Whether we like the media or not it is the journalistic community that informs the American people of what is going on in this country and this government. Trump can use his twitter account all he wants but how many Americans are going to tune into his daily diatribes? There's an old saying that fits this scenario, "they' can "make you or break you."

Down through this country's history there have been relationships between the media which have been, for the most part, cordial and constructive; and there have been those that were antagonistic and confrontational. In the case of President Franklin D. Roosevelt, during the very trying times of World War II, he needed the media's strong support to take his message to the people so that they would support him in the actions he intended to take.

Because Roosevelt showed respect for the media and established a good working relationship with it, the media responded positively and did a great deal to promote his agenda and rally the American people to support him. Throughout his long political career Roosevelt was portrayed to the public in a mostly positive light,

Another such positive relationship existed between the media and President John F. Kennedy, the very charismatic president who knew how to use the press to advance his governmental initiatives. The media at that time knew about some of Kennedy's extramarital affairs and his alleged connections to Sam Giancana, head of the Chicago crime syndicate. However, because of the good relationship that they had with him, they reported little to nothing about his private life.

That was not the case with the media and President Nixon, a relationship which was more than a bit tenuous after the press became aware of what he was all about; that's why he earned the nickname of "Tricky Dick." That very testy relationship came to an abrupt end when ace reporters Woodward and Bernstein of the Washington Post, together with some of their journalistic colleagues, took President Nixon down for the count as a result of the Watergate scandal. .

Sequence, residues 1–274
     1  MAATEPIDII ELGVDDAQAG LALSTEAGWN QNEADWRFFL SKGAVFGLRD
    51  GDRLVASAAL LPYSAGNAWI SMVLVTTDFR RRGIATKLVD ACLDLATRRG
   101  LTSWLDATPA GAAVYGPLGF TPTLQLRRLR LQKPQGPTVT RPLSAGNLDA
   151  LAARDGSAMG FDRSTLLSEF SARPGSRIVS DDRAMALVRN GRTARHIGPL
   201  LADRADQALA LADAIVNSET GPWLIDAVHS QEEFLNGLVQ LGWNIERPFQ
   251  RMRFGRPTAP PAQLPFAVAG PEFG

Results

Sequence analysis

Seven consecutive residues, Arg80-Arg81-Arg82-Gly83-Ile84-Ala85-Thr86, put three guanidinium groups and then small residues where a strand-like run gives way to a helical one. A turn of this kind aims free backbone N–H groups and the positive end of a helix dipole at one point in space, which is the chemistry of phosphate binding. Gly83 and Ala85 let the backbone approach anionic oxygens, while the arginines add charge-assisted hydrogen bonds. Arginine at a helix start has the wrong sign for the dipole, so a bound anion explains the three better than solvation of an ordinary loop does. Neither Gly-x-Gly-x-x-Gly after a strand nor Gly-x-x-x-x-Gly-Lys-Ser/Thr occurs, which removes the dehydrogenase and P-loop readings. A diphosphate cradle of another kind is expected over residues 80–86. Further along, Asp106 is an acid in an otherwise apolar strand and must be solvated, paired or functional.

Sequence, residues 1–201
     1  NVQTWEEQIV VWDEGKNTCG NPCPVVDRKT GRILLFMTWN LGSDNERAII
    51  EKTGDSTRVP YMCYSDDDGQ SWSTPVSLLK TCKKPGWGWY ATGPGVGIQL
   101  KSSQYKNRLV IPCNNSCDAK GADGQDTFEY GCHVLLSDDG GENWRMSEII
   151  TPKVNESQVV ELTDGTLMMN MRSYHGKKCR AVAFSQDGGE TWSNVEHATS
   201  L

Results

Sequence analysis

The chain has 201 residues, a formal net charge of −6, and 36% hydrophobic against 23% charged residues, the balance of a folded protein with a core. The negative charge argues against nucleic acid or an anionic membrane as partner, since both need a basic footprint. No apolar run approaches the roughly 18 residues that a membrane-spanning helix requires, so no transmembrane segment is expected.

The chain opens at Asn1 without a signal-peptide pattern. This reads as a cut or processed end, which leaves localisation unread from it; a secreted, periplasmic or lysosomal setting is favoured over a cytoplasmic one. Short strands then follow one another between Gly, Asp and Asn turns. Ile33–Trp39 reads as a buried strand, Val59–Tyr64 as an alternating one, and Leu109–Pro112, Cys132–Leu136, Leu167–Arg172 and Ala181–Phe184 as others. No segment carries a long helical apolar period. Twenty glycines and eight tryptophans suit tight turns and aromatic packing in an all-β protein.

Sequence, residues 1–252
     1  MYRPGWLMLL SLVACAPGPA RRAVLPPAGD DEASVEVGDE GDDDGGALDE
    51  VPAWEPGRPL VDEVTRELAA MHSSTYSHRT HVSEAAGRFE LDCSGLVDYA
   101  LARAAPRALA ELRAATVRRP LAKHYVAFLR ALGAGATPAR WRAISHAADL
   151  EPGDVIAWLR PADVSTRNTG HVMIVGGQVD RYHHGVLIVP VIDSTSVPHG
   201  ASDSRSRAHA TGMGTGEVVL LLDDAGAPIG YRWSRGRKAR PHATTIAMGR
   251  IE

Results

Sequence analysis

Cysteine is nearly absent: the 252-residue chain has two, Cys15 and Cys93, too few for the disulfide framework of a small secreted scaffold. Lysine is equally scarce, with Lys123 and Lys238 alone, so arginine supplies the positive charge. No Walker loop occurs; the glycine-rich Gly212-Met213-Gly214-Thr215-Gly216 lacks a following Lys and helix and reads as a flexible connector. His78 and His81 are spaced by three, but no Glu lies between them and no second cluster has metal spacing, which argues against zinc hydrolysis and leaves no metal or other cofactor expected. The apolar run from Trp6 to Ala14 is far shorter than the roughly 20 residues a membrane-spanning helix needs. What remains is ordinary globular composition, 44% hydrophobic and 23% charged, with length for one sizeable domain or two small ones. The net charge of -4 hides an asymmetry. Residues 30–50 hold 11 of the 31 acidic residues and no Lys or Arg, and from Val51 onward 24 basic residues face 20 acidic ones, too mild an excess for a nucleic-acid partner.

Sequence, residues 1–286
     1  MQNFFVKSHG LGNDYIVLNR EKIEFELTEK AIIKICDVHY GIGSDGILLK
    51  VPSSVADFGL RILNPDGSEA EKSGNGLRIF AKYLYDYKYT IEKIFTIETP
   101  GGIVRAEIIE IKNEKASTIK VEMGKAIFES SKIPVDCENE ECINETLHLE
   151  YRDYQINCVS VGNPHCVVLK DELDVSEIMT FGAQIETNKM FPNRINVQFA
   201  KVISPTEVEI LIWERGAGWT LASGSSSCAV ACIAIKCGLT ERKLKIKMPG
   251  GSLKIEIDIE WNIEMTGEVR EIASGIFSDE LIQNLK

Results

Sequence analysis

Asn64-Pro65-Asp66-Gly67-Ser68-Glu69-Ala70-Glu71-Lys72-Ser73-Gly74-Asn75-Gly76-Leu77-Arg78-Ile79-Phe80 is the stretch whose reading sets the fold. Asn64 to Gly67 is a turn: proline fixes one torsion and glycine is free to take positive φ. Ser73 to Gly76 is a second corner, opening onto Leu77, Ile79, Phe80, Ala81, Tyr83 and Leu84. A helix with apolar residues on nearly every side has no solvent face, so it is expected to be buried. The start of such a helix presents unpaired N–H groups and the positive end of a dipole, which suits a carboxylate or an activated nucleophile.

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The American media has its faults, that's for sure. There are some news organizations that are second-rate, with reporters and hosts that all too often engage in less than objective and factual reporting, and some that are sleazy; but the majority of them act in an ethical manner. When we think about who bends the truth to a greater extent, Trump or the press, reaching a conclusion is easy.

The various elements of the American media strongly compete against each other to capture the top ratings so they are not one big happy family. But when they are subjected to Trump's open hostility and the venom he spews against them as a group, they will not hesitate to band together to go after him hammer and tong. And when they do he might just wish that he had remained as the head of his real estate empire.

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Michael Payne is an independent, progressive activist. His writings deal with social, economic, political and foreign policy issues. He is a featured writer on Opednews and Nation of Change and his articles have appeared on many other websites (more...)